Photo: Andrew Gacome
Cuyahoga Connections Volume Four
Welcome to Cuyahoga Connections, Volume Four
Here in northeast Ohio, many of us have already had to find the snow shovels and dig our way through the first snow of the season. From building snowmen to exploring snow-covered trails, the new season brings unique experiences just waiting to be uncovered. Volume four of Cuyahoga Connections is all about exploring these winter-themed activities. Learn about the winter solstice, how humans and animals adapt to the snow and what we can do to really enjoy the season!
Don’t forget to reach out to us with questions, comments or to share your experiences and completed journals by sending an email to firstname.lastname@example.org or tagging #forCVNP on your social media posts!
Written by Jane Yolen, Illustrated by John Schoenherr
Whoo-whoo-whoo, cozy up this holiday season with a classic. This beautiful and captivating story follows a small child and father owling in the woods late at night. They trudge through the snow, animals watching them as they pass, as the father calls to the mysterious nighttime bird. Owl Moon is a magical story, surely to the perfect gift for any child in your life.
Written by Wendy Pfeffer, Illustrated by Jesse Reisch
The winter solstice is coming up this year on December 21st, and this book is the perfect way to celebrate! The Shortest Day uses cozy imagery and informative storytelling to explain what the winter solstice is and how it has been observed by various cultures throughout history. Young listeners are shown the ideas of ancient Egyptian, Chinese, Incan, and European astronomers, and how interpretations of the scientific wonder have shaped our modern cultural traditions. This book helps to explain important science concepts to young audiences, such as the Earth’s tilting away from the sun and the shift from autumn to winter. Everyone will be sure to learn something new!
Journal About It!
Learn about the Winter Solstice and how it is celebrated around the globe! If you were to have your own Winter Solstice celebration, what would it look like? How would you celebrate? We’ll also look at the science of shadows and conduct our own experiments right in our own yards. What will you discover during this Winter Solstice?
Send your completed journal to us email@example.com or post photos online and tagging us #forCVNP
Download the journal here
Celebrate the Park’s “Birthday”
On December 27, 1974, your national park was officially designated as CVNRA – Cuyahoga Valley National Recreation Area. If you’d like to learn a little bit more about the history of your national park, and the history of the Conservancy, check out this feature on Sue Klein, A Pioneer for CVNP. This was a monumental step for the park that we now know as Cuyahoga Valley National Park and is certainly something worth celebrating!
Help us celebrate the “birthday” of your national park! Submit your creations on social media using #HappyBirthdayCVNP or email them to firstname.lastname@example.org – we’ll even randomly select a few to win prizes!
Here are some ideas to get you started, but any and all creations are welcome:
- Virtual card
- Short Story
- Photo/Photo collage
View a Once in a Lifetime Astronomical Event
Gazing into a clear night sky evokes many feelings—a sense of peace, oneness and astonishment. On December 21, 2020, we will be able to gaze into the southern sky and witness the solar system’s two largest planets appear to merge, creating the first visible “Christmas star” in 800 years.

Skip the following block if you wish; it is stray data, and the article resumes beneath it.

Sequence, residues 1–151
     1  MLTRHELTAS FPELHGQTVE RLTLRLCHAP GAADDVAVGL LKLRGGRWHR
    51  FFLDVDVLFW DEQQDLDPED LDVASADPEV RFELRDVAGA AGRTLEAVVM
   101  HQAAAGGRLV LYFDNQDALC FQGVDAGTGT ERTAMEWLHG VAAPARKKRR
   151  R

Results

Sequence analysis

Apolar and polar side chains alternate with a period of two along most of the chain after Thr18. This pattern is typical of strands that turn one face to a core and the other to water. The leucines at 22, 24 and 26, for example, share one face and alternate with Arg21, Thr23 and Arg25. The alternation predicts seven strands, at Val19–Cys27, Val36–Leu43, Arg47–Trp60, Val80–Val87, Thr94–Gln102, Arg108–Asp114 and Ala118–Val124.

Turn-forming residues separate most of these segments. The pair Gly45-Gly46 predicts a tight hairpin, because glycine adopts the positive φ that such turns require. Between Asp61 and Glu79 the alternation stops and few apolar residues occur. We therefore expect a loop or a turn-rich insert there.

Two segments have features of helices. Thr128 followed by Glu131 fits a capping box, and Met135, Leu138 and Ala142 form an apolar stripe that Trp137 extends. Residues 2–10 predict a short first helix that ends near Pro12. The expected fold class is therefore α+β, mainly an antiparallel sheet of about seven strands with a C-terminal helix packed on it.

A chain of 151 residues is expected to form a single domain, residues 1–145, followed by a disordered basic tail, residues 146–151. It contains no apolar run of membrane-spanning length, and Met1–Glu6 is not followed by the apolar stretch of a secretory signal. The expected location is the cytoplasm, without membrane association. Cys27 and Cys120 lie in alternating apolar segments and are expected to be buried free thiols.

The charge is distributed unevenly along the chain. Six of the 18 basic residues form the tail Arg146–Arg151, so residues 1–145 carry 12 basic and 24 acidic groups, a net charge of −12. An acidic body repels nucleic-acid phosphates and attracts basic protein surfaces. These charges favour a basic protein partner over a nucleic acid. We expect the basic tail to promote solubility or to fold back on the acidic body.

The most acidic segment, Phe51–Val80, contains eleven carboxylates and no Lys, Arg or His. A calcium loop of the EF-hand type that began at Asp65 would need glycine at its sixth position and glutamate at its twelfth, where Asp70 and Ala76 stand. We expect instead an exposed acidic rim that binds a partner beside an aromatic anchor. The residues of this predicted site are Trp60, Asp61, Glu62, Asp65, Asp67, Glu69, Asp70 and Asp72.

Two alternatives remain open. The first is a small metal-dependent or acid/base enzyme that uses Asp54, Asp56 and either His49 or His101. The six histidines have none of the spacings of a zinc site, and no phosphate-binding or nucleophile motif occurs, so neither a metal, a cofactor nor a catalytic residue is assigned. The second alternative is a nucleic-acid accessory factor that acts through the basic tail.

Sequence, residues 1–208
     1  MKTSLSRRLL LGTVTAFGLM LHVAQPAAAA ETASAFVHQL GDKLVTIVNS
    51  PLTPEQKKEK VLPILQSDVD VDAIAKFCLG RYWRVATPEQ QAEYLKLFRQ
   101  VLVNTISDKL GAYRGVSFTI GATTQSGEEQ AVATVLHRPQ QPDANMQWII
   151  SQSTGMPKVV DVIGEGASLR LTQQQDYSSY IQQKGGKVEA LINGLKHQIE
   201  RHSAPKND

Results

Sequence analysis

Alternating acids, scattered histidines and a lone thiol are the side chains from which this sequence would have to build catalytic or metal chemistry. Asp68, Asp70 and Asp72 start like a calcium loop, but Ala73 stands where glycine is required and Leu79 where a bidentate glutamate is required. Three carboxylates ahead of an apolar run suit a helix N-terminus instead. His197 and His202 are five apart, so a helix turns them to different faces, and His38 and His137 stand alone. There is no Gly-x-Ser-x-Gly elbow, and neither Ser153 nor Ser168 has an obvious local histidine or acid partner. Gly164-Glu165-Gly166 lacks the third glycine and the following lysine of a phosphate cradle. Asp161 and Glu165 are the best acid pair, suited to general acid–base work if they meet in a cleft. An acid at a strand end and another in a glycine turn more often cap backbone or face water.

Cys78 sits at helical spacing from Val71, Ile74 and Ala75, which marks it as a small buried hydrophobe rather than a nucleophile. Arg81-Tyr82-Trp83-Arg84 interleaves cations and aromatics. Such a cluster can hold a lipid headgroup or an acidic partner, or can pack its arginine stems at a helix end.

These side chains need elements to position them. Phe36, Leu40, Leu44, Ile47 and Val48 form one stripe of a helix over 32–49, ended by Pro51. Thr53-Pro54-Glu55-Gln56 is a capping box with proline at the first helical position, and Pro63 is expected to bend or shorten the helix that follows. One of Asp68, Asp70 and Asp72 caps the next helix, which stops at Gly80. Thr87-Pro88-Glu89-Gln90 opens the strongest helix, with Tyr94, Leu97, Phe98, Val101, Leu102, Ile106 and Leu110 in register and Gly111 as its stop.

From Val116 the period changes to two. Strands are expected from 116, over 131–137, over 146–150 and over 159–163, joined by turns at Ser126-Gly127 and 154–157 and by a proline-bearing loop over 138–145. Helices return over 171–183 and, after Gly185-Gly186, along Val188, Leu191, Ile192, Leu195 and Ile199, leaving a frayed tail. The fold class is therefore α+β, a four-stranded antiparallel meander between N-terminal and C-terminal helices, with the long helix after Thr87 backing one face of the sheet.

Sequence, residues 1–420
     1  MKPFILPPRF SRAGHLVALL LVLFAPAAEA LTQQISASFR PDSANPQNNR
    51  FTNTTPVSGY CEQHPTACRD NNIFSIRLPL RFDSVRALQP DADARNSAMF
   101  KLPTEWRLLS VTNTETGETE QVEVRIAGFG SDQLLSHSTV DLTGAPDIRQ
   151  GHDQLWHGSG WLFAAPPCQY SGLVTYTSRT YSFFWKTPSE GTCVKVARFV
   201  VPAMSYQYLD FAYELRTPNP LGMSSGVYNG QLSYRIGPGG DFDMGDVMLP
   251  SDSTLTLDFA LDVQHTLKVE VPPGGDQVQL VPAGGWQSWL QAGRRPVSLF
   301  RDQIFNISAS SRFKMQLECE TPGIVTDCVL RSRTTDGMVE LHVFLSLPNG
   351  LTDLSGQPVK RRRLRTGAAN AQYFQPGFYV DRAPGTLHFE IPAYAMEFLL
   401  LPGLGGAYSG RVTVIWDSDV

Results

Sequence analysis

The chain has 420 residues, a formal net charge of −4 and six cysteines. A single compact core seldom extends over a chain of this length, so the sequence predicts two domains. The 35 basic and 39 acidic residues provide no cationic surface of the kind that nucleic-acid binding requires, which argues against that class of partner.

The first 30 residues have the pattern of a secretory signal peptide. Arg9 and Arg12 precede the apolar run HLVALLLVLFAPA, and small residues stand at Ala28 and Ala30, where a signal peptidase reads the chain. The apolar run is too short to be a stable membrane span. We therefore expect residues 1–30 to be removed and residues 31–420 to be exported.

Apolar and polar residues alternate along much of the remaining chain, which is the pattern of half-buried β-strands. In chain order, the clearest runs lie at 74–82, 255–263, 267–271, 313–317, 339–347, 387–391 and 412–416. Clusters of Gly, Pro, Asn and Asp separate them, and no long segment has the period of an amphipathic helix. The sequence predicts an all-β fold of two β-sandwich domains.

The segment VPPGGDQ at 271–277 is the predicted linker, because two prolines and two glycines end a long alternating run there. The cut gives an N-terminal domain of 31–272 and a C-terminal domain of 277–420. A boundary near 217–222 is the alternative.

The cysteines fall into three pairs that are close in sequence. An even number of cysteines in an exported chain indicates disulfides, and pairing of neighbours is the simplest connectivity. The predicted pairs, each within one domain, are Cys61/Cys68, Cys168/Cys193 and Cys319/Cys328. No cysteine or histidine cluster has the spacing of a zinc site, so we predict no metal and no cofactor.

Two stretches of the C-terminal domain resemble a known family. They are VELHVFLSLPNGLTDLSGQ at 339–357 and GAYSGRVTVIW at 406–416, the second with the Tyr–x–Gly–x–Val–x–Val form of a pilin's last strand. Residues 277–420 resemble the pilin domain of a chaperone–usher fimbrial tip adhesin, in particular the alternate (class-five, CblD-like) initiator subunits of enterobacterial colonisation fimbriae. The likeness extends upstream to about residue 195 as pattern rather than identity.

If conditions are right, this event can be seen from home, but visiting Cuyahoga Valley National Park offers quiet, secluded views to make the night feel even more miraculous.
The Great Conjunction
About once every 20 years, Jupiter and Saturn’s orbits align. Both planets have a much longer journey around the sun than the Earth. Jupiter takes 12 years to complete the trip, and Saturn takes 30 year—over twice as long as Jupiter! Because of this, Saturn is lapped by Jupiter every couple decades. As we near the end of 2020, we are poised to witness an event last seen in 1226. During this convergence, the planets will align so closely that they will appear to form a double planet.
On the night of the winter solstice, the two planets will be just 0.1 degrees apart. That’s less than the diameter of a full moon. The planets will appear to overlap completely in what astronomers refer to as a conjunction, or the meeting of objects in the night sky. Jupiter and Saturn are the two largest planets in our solar system, making this conjunction even more extraordinary!
How to Watch the Event
During the last great conjunction, Jupiter and Saturn were so close to the sun that observing them was difficult. This year, it will be much easier to see as the celestial event will be shining bright just moments after sunset. When viewed from the Northern hemisphere, the conjunction will be visible low in the southwestern sky.
Although the highlight will be on December 21, the planets are easily viewable throughout the month, and onlookers can watch each day as the planets drifter closer. Jupiter currently appears brighter than any star in the sky and, though slightly dimmer, Saturn can be easily recognized from its golden glow. Unlike stars that twinkle, both planets hold a constant level of brightness, making them easier to spot on clear nights.
For the best views, it’s important to find an area away from the light pollution of cities, which makes CVNP perfect! Locations like the Ledges Overlook and the Pine Hollow trailhead at Kendall Hills are ideal because they offer unobstructed views of the southern sky.
Whether from the comfort of your home or a scenic clearing in the park, take a moment to search the sky for this once in a lifetime view.